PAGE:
log as required by Local Civ. R. 26.2 and Fed. R. Civ. P. 26(b)(5) waived the objections.17 His

claims with respect to questions that might be asked of him at the deposition cannot be resolved in

the abstract.18 The specific communications or other materials with respect to which privilege may

be claimed have not been identified. Nor is there a sufficient basis for determining whether any such

communications or materials were made when Donziger was functioning as a lawyer as opposed to


       16

                Donziger Aff., at 3.
       17

                UBS Intern Inc. v. Itete Brasil Instalacoes Telefonicas Ltd., No. 09 Civ. 4286(LAK), 2010
                WL 743371, at *3 (S.D.N.Y. Feb. 24, 2010); Five Borough Bicycle Club v. City of New
                York, No. 07 Civ. 2448 (LAK), 2008 WL 704209, at *3 (S.D.N.Y. Mar. 10,
                2008)(collecting cases).

                Provided that Donziger files a complete privilege log on or before October 29, 2010, the
                Court in the exercise of its discretion may relieve him of the waiver. As he has had the
                subpoenas since August 9, 2010 and was told on September 23, 2010 that he would be well
                advised to pull the requested materials together, this is ample time. Tr., Sept. 23, 2010, at
                76:22-77:2.
       18

                See, e.g., In re Application of Chevron Corp., No. 10 MC 0001 (LAK), 2010 WL 3489341,
                at *7-8 (S.D.N.Y. Sept. 7, 2010).
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performing another role. Also lacking, among other things, is any information as to whether the

communications or other materials were made and kept in confidence or disclosed to persons who

would have been outside any privilege. Accordingly, Donziger’s privilege claims, to whatever

extent they have not been waived, are premature at best. The Court does not now intimate any view

with respect to the contention that the crime-fraud exception vitiates any otherwise applicable

privilege.19

                                                  *   *   *

                 In all the circumstances, the motions of Donziger and the Lago Agrio plaintiffs to

quash the subpoenas to Donziger are denied. Donziger shall comply with them forthwith.

                 The Court hereby appoints Max Gitter, Esq. as special master to preside over the

deposition. The special master shall rule on objections and make such findings of fact and

conclusions of law as may be appropriate to that end. The special master is authorized to direct the

witness to answer questions. In the event that the special master directs a witness to answer a

question as to which privilege is claimed and the objector wishes to seek review from this Court,

the question need not be answered pending this Court’s ruling, provided review is sought by motion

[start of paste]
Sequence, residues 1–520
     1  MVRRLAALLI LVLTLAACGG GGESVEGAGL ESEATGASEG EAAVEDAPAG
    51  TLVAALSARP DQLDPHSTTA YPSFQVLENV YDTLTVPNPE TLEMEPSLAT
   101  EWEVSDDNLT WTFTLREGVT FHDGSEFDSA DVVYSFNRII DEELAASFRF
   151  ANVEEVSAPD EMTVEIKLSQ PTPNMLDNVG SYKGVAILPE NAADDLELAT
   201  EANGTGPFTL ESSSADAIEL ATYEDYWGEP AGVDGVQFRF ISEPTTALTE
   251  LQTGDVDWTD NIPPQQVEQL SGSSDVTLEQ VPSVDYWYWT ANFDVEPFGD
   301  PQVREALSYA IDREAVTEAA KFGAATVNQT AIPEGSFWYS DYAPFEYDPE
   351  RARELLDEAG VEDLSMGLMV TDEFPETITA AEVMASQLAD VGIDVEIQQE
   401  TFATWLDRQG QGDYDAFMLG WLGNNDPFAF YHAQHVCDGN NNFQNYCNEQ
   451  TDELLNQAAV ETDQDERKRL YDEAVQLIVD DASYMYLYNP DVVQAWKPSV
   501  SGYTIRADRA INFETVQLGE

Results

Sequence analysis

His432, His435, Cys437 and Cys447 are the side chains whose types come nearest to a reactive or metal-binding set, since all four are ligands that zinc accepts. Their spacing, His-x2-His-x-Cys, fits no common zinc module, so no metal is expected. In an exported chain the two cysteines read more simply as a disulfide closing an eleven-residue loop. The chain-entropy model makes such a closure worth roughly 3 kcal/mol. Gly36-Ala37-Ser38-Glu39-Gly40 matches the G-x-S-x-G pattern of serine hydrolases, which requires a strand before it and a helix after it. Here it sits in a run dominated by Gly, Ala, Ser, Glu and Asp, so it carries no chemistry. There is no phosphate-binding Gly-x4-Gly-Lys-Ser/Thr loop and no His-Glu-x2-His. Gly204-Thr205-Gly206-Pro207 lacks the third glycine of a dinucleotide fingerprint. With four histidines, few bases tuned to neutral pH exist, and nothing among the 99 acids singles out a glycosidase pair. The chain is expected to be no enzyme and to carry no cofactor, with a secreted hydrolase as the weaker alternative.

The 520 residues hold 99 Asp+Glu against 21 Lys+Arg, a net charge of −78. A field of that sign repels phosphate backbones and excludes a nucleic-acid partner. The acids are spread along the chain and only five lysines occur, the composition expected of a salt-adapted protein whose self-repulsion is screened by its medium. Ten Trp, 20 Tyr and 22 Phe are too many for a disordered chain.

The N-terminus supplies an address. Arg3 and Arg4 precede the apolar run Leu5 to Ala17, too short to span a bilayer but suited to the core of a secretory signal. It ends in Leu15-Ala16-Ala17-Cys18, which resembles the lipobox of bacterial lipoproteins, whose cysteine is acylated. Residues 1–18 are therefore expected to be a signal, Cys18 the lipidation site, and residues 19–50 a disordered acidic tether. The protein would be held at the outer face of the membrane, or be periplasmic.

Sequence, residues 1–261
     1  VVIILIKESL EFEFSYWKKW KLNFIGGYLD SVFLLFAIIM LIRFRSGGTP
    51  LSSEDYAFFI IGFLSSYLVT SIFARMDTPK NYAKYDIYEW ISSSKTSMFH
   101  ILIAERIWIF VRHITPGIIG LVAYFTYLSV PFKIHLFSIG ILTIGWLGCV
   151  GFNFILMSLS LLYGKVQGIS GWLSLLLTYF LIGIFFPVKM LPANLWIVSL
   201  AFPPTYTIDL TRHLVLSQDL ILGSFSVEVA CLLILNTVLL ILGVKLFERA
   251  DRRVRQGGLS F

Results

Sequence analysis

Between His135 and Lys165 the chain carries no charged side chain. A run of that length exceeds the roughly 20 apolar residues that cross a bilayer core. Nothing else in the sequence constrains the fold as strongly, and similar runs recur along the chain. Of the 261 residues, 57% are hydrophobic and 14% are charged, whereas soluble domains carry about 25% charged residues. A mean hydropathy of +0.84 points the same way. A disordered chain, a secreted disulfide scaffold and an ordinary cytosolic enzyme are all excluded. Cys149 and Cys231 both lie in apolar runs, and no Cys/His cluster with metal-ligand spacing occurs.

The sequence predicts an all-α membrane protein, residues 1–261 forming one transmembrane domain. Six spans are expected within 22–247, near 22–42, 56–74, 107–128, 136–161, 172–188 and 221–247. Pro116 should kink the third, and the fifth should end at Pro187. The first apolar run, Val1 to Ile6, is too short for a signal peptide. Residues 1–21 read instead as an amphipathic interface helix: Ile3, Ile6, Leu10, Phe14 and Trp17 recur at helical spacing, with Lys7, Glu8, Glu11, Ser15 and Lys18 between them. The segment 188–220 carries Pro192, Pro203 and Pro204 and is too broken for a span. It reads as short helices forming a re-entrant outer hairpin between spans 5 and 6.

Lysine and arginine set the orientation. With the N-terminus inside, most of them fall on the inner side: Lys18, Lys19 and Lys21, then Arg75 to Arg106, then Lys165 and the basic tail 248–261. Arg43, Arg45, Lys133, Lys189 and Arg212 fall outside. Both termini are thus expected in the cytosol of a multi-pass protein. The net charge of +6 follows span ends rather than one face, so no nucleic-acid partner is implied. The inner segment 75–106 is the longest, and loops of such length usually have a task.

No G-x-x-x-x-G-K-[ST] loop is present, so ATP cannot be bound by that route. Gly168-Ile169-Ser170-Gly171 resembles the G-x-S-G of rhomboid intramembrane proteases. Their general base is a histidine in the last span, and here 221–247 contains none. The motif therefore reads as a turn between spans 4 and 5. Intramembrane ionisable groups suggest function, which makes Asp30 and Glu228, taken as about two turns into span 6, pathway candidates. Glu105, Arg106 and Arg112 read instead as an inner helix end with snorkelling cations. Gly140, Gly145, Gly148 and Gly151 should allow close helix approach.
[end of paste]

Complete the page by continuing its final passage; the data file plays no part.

19

                 In other Section 1782 proceedings brought by Chevron outside of this district, other courts
                 have concluded that the crime-fraud exception applies here. In re Chevron Corp., No. 10-
                 MC-21JH/LFG [DI 11] (D.N.M. Sept. 13, 2010) (finding “that . . . discussions trigger the
                 crime-fraud exception, because they relate to corruption of the judicial process, the
                 preparation of fraudulent reports, the fabrication of evidence, and the preparation of the
                 purported expert reports by the attorneys and their consultants.”); In re Application of
                 Chevron Corp., No. 10-cv-1146-IEG (Wmc) [DI 9] (S.D. Cal. Sept. 10, 2010) (crime-fraud
                 exception applies because “[t]here is ample evidence in the record that the Ecuadorian
                 Plaintiffs secretly provided information to Mr. Cabrera, who was supposedly a neutral
                 court-appointed expert, and colluded with Mr. Cabrera to make it look like the opinions were
                 his own.”); Chevron Corp. v. Champ, No. 1:10-mc-0027-GCM-DLH [DI 12] (W.D.N.C.
                 Aug. 30, 2010) (“While this court is unfamiliar with the practices of the Ecuadorian judicial
                 system, the court must believe that the concept of fraud is universal, and that what has
                 blatantly occurred in this matter would in fact be considered fraud by any court. If such
                 conduct does not amount to fraud in a particular country, then that country has larger
                 problems than an oil spill.”). This Court need not yet reach that issue.
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to this Court within 48 hours of the special master’s ruling. This Court’s review of privilege rulings

by the special master and the facts upon which they are based shall be de novo. The fees and

disbursements of the special master shall be born one-third by Chevron, one-third by the Individual

Petitioners, and one-third by Donziger unless otherwise ordered.


               SO ORDERED.

Dated:         October 20, 2010